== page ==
Raglan did not live to see this victorious conclusion to the campaign. He died on 28 June 1855, ten days after his troops had failed to capture a key Russian redoubt known as the Grand Redan on the 40th Anniversary of Waterloo. One of Raglan's doctors put his death down to exhaustion. His chief of staff had a simpler (albeit rather Victorian) explanation: 'He died of a broken Heart.'
In spite of his early protestations in 1854 about the unsuitability of the Crimean environment for a winter campaign, the government unfairly tried to blame Raglan for the supply disaster the previous winter that cost thousands of British soldiers their lives. Their comrades knew the truth. 'He was a good man to his soldiers in every thing', wrote one artillerymen after Raglan's death. 'Sevastopol would have been taken long ago if justice had only been done to him.'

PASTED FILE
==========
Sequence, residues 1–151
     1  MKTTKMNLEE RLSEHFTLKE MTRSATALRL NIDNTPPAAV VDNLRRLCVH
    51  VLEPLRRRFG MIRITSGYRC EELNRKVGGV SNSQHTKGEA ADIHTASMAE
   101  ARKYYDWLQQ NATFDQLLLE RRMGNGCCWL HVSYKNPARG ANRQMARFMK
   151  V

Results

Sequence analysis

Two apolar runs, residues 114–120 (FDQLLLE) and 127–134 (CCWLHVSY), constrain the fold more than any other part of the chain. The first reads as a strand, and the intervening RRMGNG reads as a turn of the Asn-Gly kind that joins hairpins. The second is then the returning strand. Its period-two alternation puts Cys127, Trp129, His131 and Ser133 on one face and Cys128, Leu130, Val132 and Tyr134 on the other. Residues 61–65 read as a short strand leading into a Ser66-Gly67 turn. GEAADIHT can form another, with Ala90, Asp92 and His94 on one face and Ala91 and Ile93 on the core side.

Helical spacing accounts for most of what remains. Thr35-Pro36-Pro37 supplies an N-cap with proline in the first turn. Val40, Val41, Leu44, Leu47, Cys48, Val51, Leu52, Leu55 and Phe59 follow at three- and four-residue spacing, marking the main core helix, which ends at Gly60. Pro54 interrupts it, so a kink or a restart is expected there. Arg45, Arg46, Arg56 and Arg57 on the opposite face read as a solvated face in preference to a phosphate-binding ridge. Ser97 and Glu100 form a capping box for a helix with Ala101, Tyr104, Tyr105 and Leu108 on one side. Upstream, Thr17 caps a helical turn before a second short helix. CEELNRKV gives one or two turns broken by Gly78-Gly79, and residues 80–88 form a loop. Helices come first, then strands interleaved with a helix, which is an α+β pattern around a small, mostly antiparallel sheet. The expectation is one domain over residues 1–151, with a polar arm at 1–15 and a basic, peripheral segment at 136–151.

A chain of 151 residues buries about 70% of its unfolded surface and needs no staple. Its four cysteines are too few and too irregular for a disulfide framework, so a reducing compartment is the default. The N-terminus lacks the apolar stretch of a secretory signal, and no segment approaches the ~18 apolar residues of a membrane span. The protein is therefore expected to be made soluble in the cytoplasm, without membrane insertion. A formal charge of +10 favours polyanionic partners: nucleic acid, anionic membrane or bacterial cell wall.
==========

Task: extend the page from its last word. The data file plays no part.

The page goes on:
A fund that had been earlier set up by a group of Lord Raglan's friends and supporters was re-opened after his death as the Raglan Memorial fund and the large sum of money raised enabled the purchase of Cefntilla Court, Monmouthshire, in his memory. An inscription over the front door dated 1858 commemorates this gift: This house with 238 acres of land was purchased by 1623 of the friends, admirers and comrades of the late Field Marshal Lord Raglan GCB and presented by them to his son and his heirs...as a lasting memorial of affectionate regard and respect.
Saul David is Professor of War Studies at the University of Buckingham and author of Victoria's Wars
THE DUKES OF BEAUFORT